Research office at Big Ten university gave out a total of $450K in ‘systemic racism’ grants
A project that examines a “Racial Justice Impact Assessment tool” for local health departments to become “anti-racist” received money from the University of Michigan’s Office of the Vice President for Research.
The grant money came from a $450,000 pot of funds, which was distributed to six other “systemic racism” research proposals, according to the university.
Director of Public Affairs Kim Broekhuizen did not address College Fix questions about the grants and how they would fight racism, as well as questions about the other “diversity, equity, and inclusion” initiatives on campus. She deferred to the original university announcement.
None of the three researchers on the health departments project responded to two requests for comment sent in the past month.
The group of researchers also received money in 2021 from the research office to begin its study. They will now “pilot and evaluate the co-created Racial Justice Impact Assessment tool and training created as a result of their research.”
“In the first phase of this project, funded by the 2021 cycle of OVPR anti-racism grants, researchers partnered with the Washtenaw County Health Department to identify key opportunities and limits on anti-racist institutional transformation within local health departments,” the summary stated. The tool comes from that research.
The academics on the team have an interest in “anti-racism.”
Melissa Creary states in her university bio under a section titled “Bounded Justice” that she would like to create “an anti-racist public health department.”
“I center anti-racism and health equity in my research, mentoring, and administrative duties” wrote Creary further in her bio.
Whitney Peoples, a researcher on the project, states in her university bio that she “brings over 20 years of experience in feminist and critical race research, activism, and teaching to her work at the School of Public Health.” She also served as the school’s first DEI director.
Paul Fleming, another researcher, “examines how to best integrate anti-racist principles into public health training and practice” according to his university bio.
The Fix also reached out to multiple researchers working on the other projects mentioned in the article and only one responded to questions about why their subject was of interest, how they saw their research being used, and the goal of their research.
Jennifer Bragg-Gresham, a researcher working on a study called “Unraveling and Mitigating the Impact of Structural Racial (‘Redlining’) on Chronic Disease Burden in Detroit using Geospatial and Mediation Analysis,” responded that the interest in this area was “understanding how the context of where people live affect their lives and health.”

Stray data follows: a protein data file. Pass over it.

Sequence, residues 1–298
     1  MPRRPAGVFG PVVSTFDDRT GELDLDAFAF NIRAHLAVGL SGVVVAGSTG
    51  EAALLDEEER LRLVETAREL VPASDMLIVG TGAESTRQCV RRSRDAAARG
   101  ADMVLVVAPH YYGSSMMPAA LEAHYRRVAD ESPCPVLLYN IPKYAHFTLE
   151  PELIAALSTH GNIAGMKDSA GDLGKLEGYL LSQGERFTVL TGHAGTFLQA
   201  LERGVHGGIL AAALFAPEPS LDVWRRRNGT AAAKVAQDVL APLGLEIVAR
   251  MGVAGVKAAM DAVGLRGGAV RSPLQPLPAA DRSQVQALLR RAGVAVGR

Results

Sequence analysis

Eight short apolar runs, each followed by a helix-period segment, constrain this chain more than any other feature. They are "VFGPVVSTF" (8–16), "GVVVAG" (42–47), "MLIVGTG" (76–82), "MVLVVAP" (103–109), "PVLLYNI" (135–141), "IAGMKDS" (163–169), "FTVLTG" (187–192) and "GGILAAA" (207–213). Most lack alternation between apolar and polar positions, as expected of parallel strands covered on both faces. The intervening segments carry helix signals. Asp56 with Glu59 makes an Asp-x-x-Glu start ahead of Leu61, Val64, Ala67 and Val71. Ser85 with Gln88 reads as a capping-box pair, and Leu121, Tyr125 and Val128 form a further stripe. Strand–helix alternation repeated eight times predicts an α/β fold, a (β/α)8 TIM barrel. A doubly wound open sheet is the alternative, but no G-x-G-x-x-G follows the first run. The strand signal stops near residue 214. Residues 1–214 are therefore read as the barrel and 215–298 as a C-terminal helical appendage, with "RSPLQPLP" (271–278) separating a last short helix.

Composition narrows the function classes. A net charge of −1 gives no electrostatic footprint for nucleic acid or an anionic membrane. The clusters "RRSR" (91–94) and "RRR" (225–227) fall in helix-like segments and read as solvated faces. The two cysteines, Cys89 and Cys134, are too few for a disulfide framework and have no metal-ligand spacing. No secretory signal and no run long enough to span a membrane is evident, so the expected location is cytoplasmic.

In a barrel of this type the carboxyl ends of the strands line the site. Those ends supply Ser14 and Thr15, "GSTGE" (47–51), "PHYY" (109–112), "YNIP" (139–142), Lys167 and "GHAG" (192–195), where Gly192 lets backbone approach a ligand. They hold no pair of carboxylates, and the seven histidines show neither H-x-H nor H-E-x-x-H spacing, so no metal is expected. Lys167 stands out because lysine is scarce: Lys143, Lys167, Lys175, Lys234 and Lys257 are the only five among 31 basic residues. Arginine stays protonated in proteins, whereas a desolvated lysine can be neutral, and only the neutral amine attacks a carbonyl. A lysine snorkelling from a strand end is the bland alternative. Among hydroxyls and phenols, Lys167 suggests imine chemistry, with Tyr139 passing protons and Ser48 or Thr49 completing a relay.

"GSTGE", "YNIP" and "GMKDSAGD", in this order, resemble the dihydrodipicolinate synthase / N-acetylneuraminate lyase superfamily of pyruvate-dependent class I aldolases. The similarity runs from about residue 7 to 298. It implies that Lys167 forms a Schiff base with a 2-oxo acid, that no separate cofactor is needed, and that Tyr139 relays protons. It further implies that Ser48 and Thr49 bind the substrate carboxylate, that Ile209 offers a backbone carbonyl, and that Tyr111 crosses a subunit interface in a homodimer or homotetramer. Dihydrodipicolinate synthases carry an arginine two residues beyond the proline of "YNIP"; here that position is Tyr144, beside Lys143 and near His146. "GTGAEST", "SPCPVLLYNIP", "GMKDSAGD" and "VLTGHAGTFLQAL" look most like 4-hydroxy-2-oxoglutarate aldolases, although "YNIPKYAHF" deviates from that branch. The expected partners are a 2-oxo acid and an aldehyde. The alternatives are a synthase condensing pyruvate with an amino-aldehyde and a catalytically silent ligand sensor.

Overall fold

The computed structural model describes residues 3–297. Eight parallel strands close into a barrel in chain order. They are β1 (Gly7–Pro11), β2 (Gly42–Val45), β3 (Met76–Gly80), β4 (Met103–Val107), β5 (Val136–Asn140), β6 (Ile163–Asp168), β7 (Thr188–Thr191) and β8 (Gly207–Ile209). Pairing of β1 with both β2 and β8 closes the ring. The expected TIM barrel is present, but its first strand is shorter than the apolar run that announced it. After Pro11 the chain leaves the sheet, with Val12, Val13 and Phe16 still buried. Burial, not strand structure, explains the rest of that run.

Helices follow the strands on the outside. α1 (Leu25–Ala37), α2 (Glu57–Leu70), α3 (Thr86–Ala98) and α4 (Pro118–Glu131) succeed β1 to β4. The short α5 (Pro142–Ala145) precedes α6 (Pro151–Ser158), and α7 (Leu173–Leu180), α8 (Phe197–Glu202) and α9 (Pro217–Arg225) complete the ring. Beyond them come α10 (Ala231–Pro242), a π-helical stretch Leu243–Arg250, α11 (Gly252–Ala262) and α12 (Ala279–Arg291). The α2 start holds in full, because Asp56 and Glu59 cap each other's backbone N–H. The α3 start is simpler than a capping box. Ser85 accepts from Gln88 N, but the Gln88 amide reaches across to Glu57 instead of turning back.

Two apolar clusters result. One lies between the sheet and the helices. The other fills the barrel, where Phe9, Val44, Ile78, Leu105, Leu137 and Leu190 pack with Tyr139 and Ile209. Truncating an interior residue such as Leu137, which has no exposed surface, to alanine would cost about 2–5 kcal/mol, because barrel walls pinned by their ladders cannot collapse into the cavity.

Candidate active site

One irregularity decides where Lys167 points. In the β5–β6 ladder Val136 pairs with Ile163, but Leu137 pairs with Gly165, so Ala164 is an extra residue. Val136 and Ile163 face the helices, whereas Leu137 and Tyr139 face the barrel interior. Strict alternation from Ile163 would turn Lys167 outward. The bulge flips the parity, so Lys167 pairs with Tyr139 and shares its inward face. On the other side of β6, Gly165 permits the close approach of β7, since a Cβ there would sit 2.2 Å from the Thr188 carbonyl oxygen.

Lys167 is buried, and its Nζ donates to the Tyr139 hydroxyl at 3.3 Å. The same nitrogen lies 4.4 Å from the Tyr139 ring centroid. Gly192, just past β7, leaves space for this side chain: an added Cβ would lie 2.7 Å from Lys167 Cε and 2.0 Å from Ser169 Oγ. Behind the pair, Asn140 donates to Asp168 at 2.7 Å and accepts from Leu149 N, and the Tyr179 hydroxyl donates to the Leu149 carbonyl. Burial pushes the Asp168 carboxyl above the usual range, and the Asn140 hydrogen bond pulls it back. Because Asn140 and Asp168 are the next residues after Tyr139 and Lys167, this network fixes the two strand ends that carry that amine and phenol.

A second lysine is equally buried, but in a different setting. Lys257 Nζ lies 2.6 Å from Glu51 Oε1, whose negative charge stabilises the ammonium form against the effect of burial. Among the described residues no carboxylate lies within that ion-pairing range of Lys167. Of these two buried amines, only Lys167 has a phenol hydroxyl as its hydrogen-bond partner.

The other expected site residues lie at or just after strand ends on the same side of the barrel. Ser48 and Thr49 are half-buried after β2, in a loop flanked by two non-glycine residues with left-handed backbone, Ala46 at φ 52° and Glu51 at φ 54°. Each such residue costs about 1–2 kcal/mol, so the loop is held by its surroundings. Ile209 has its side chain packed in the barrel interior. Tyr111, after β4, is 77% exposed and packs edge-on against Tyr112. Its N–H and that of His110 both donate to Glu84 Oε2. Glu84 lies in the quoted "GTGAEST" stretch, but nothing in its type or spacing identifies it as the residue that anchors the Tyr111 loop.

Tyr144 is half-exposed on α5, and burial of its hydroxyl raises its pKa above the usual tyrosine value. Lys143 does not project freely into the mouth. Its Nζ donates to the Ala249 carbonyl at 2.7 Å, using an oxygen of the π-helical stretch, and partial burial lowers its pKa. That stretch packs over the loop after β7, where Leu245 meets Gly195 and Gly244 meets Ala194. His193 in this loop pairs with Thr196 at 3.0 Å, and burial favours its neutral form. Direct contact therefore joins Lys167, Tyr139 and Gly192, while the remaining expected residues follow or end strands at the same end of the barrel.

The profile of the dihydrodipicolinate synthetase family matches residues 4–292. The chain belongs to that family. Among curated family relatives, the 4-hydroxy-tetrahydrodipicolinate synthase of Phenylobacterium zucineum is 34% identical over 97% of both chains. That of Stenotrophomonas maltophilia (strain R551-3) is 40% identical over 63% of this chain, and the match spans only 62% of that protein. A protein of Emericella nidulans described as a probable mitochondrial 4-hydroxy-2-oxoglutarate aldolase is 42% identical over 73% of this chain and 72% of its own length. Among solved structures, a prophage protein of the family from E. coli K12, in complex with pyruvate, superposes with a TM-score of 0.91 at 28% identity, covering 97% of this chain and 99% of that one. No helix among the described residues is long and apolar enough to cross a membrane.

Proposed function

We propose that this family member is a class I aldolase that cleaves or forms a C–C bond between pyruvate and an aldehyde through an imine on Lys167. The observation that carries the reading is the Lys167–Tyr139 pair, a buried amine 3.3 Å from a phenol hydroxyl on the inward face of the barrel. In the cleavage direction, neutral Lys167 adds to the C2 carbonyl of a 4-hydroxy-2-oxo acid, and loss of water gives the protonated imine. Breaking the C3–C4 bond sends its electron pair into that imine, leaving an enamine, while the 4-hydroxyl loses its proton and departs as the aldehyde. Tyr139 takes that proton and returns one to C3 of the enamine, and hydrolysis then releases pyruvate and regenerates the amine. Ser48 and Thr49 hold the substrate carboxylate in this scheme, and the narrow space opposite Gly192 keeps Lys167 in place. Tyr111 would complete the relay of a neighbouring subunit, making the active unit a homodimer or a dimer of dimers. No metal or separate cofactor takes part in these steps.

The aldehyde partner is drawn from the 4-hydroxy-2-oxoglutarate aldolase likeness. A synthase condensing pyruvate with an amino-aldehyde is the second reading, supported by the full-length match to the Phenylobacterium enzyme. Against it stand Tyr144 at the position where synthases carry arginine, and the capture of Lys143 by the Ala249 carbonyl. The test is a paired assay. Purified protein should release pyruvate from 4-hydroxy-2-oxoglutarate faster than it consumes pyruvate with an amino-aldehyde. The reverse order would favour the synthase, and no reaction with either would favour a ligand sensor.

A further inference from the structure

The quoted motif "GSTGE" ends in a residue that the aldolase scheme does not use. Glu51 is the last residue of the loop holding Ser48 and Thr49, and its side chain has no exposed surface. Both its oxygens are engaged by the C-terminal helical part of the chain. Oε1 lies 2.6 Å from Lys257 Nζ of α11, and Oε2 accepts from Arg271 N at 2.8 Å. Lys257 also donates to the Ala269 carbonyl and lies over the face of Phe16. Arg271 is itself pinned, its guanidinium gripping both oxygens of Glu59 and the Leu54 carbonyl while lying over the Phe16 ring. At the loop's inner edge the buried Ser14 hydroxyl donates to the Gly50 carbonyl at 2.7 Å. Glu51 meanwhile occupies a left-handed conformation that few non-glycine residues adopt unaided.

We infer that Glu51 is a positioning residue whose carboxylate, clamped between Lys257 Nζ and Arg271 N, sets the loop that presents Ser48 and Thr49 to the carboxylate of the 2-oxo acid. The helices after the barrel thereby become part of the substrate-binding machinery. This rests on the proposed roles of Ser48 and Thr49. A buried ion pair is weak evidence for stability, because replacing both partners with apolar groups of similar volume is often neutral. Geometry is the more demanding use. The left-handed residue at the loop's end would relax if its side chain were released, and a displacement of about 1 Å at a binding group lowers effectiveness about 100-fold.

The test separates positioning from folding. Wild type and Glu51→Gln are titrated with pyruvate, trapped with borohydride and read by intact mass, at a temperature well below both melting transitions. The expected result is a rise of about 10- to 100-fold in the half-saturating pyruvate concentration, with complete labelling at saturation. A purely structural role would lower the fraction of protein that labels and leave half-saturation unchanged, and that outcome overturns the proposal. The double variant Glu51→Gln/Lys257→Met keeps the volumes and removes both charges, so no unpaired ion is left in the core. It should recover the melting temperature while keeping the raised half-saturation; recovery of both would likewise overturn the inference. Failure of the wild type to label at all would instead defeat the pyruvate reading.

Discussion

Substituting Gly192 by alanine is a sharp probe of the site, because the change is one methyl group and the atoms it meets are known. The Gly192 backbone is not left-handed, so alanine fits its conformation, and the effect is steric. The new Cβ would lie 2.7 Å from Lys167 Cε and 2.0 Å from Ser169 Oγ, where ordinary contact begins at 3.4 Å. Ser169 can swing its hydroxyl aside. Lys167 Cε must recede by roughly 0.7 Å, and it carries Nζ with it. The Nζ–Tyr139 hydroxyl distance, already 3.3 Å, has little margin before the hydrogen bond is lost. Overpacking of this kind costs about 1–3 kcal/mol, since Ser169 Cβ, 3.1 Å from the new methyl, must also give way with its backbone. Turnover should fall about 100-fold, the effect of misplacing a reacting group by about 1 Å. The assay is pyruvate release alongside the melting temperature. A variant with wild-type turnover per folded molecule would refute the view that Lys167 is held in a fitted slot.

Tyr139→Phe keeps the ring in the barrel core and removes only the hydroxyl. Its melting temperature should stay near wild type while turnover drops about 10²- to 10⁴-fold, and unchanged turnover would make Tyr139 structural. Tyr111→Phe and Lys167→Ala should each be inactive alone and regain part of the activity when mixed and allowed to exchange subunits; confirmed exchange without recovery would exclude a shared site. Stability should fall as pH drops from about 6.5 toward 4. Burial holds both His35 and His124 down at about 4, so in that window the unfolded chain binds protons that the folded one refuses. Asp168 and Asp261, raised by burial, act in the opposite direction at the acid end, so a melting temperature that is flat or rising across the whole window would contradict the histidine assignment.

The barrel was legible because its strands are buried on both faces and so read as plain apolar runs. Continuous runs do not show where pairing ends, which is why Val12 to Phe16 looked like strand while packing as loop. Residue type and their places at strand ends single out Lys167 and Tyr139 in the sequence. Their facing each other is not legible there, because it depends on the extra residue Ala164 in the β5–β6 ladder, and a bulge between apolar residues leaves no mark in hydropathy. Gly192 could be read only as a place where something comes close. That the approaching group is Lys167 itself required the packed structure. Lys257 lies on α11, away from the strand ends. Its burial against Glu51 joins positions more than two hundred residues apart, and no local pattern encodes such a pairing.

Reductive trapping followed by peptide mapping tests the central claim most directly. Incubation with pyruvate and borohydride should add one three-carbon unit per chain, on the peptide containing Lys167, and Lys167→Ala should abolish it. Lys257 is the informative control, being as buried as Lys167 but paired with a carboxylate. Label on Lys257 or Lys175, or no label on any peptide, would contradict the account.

“[W]e hypothesize that because of redlining, residential racial segregation was de facto perpetuated in the neighborhoods so assigned,” Bragg-Gresham told The Fix via email.
“This historical practice has likely led to continuous hazardous exposures and has caused lasting repercussions on health through adverse social and environmental determinants of health,” she said.
She also gave specific examples such as food insecurity, barriers to quality healthcare, increased vulnerability to the effects of climate change, environmental toxins, and diseases.
Bragg-Gresham said the goal of the study “is to facilitate improvements in current modifiable [social and environmental determinants of health] factors, thought to stem from historical structural racism, to improve individual and community risk of poor health outcomes.”
“In the current work, our objective is to identify these factors through geospatially linking current residents living in past redlining affected districts in the area around Detroit, MI,” the professor said. Her also plans to “employ mediation analysis to make causal inferences to explain relationships between historic redlining districts and current health status.”
Bragg-Gresham said there are four ways the research could be used: First, to help “future research can focus on areas with the largest potential impact.”; second, to mitigate the effects of relining; third, inform and guide medical institutions; and fourth, to “further the national conversation on this topic” and affect public policy on the issue.
This is not the only racism and “diversity, equity, and inclusion” focused research the university is funding. In 2020 it spent $260,000 on “combating racism” and in late July of this year it announced plans to spend $80 million together with the National Institutes of Health for “DEI 2.0.”
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